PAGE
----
Even Berlusconi, dogged by a variety of accusations ranging from briery to paying an underage girl for sex, had managed to stand as Italy's longest-serving prime minister and the dominant figure in Italian politics for almost two decades.
But that was only before the towering debt chipped away their grasp onto power, and the crisis is still far from over.
NEW FACES, SAME CRISIS
The face-changing in the political landscape of these troubled countries could be a step forward in the right direction, analysts said, if coupled with necessary reforms to spur growth.
"The new governments can benefit from the credibility of its leaders which the previous ones couldn't," said Fabien Zuleeg, the chief economist of European Policy Center (EPC).
"But it needs to be clear that they will get the room to implement significant reform, including not only austerity measures but also structural reforms and even investments to enhance future growth," he said.
However, without finding a lasting solution to the bloc's underlying problem of economic divergence, the leadership changes alone would not be enough take the financially troubled states to their long-awaited end game, according to Xiong Hou, a research fellow with the Chinese Academy of Social Sciences (CASS), a top Chinese think tank.
"The current difficulty in the eurozone is a result of long-term financial problems in the region. Changing faces in the government is not a magic cure for that," Xiong said.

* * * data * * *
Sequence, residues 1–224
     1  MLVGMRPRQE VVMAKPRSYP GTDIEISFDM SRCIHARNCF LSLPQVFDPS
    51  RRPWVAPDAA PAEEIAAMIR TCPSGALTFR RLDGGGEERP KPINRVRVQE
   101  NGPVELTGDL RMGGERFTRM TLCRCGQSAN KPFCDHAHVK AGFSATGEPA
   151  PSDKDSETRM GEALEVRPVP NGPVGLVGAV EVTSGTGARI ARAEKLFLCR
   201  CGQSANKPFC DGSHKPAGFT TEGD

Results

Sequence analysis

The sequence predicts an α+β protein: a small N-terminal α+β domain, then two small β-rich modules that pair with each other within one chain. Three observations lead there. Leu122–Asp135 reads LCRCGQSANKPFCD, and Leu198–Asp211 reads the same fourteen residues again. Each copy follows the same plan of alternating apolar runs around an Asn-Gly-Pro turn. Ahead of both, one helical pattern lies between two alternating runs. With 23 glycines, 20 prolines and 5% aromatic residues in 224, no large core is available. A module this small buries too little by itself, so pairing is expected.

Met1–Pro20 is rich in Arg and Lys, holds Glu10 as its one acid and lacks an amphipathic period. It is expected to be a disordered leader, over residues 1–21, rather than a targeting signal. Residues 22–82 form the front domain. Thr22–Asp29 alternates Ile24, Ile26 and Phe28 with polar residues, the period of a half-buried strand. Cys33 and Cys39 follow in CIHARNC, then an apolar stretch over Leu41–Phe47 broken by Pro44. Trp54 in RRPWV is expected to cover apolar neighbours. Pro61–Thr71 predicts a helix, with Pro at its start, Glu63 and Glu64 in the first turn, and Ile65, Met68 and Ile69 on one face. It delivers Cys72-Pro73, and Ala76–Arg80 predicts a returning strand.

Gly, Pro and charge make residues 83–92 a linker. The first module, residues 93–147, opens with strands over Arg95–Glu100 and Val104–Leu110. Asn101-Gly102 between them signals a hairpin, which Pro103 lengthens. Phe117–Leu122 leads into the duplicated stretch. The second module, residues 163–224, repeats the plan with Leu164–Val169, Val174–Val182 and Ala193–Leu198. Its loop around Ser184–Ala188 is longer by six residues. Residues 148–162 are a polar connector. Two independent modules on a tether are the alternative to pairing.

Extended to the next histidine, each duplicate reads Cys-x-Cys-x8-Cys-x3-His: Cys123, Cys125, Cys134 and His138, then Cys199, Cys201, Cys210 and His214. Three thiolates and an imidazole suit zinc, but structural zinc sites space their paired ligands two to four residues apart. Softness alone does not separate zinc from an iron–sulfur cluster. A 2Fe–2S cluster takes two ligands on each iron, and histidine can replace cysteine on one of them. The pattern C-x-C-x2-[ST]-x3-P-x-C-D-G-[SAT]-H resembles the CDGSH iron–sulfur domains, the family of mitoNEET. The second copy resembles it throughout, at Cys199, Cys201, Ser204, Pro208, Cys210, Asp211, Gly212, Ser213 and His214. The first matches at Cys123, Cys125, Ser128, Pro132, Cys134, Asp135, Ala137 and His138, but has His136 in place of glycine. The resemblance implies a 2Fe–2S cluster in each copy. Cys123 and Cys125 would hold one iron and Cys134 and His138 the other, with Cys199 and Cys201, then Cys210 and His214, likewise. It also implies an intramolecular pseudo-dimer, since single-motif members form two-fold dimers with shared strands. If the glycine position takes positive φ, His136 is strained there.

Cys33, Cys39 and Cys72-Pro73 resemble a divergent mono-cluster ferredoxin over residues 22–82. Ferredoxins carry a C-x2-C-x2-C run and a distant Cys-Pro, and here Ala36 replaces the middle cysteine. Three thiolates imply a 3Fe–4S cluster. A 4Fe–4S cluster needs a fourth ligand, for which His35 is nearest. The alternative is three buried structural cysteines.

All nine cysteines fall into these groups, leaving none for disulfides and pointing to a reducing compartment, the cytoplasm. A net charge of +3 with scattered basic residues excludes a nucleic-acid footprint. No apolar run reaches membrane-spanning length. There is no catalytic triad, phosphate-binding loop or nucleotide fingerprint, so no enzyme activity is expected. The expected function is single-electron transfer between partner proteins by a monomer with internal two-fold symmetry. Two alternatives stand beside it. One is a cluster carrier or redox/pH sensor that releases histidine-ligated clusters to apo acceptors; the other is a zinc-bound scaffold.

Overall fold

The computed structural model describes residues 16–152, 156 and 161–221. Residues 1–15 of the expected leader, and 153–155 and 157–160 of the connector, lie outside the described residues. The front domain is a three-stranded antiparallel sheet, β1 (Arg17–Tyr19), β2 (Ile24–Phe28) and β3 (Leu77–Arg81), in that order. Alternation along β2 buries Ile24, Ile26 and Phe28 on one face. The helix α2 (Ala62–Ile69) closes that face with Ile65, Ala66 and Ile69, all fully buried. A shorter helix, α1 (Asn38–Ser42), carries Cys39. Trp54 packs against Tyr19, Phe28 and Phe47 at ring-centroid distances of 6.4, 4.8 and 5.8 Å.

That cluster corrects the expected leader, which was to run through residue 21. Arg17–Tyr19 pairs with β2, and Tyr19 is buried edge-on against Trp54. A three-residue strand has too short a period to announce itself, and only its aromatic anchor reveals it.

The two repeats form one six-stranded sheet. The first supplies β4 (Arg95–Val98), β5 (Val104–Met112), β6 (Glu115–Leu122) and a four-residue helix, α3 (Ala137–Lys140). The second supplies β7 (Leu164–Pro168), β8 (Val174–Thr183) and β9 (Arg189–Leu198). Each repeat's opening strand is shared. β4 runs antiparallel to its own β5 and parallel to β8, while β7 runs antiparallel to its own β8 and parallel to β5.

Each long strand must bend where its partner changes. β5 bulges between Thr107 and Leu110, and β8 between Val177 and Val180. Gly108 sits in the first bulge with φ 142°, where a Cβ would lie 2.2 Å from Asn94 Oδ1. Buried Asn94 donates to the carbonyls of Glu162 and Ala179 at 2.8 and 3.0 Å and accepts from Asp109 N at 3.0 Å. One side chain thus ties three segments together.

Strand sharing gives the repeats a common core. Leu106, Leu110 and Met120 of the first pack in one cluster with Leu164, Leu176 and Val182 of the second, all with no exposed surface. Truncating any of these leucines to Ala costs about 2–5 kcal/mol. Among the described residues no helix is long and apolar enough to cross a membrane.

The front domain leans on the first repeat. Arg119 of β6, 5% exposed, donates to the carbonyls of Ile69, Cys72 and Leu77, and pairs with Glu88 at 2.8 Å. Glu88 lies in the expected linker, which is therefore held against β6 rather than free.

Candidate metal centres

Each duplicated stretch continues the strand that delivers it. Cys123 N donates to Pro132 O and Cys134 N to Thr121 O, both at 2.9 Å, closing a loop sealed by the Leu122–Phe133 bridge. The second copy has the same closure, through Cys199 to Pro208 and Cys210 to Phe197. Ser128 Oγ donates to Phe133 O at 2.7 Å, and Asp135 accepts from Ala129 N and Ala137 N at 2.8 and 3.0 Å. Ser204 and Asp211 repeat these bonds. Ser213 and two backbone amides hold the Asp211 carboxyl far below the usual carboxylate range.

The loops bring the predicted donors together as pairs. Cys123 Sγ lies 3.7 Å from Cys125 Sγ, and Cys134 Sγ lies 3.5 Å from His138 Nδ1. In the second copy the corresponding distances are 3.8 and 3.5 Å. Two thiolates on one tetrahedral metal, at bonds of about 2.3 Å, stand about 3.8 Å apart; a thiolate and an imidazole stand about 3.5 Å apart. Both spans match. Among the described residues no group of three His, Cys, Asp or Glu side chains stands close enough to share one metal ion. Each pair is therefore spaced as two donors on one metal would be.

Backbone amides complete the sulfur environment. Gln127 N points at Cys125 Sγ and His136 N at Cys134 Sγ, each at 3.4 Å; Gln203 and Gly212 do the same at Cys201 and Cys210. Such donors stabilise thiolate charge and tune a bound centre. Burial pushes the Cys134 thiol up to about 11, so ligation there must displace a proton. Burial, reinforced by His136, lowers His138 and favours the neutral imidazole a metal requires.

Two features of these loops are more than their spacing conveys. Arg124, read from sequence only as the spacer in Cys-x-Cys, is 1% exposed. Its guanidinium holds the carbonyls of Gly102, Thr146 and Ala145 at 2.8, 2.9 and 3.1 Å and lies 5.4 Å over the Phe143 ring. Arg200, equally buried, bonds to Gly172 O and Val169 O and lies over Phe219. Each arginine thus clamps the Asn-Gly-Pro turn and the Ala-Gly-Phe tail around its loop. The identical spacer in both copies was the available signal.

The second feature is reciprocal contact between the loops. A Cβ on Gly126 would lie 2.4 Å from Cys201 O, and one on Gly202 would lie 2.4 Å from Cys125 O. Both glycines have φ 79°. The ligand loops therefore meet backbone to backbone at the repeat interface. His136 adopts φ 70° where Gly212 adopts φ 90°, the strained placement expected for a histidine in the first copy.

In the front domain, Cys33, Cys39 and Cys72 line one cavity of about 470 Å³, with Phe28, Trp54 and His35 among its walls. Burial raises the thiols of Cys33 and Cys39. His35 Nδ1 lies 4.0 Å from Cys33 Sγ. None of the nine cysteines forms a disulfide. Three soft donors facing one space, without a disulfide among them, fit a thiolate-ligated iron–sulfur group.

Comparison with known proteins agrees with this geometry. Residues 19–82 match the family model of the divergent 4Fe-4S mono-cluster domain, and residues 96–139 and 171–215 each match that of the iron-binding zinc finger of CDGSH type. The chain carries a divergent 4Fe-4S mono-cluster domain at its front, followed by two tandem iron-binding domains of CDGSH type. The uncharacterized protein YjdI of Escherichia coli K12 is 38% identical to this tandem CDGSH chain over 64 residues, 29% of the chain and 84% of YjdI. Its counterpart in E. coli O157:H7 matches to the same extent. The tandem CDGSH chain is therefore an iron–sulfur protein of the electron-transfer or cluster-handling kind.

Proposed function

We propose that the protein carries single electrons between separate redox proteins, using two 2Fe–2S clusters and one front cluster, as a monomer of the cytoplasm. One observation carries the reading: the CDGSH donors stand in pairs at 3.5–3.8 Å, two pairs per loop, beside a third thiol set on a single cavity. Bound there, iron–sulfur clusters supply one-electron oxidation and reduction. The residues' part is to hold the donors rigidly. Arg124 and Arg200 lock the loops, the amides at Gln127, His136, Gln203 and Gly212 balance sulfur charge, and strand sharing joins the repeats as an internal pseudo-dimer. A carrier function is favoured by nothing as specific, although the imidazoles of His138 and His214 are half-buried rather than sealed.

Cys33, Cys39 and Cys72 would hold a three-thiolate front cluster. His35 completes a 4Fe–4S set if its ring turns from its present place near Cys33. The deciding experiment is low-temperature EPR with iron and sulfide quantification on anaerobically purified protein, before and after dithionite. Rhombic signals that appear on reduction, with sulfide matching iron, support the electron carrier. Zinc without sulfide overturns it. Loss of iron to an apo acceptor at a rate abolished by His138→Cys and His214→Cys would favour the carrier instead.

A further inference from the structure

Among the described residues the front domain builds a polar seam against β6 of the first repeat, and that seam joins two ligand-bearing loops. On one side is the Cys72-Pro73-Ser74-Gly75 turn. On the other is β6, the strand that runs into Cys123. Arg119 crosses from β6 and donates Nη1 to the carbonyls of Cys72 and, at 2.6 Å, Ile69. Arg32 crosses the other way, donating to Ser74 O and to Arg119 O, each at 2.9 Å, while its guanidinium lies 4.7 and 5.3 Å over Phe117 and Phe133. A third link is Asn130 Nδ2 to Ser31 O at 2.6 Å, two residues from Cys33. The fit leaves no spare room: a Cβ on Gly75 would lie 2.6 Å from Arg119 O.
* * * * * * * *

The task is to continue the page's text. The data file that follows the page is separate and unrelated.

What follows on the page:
The formation of a technocratic government in Italy led by ex-European Central Bank (ECB) vice president Mario Monti, was supposed to sooth political pressure and henceforth eases market stress on the country.
But it did not stop Italy's 10-year bond yield from breaking a dangerous threshold of seven percent again this week. Ireland, Greece and Portugal were all forced to request international aid after their borrowing costs reached similar levels.
Greece raised some 1.3 billion euros in a three-month treasury bills auction on Tuesday, at a slightly higher interest rate compared to the previous sale in October, days after the respected economist Lucas Papademos was sworn in as the new prime minister.
At the same time, Spanish 10-year bond yields also hit 6.98 percent, their highest level since 1997, just three days ahead of the general elections.
Meanwhile, the firewall devised to protect vulnerable euro countries from the crisis is not yet strong enough.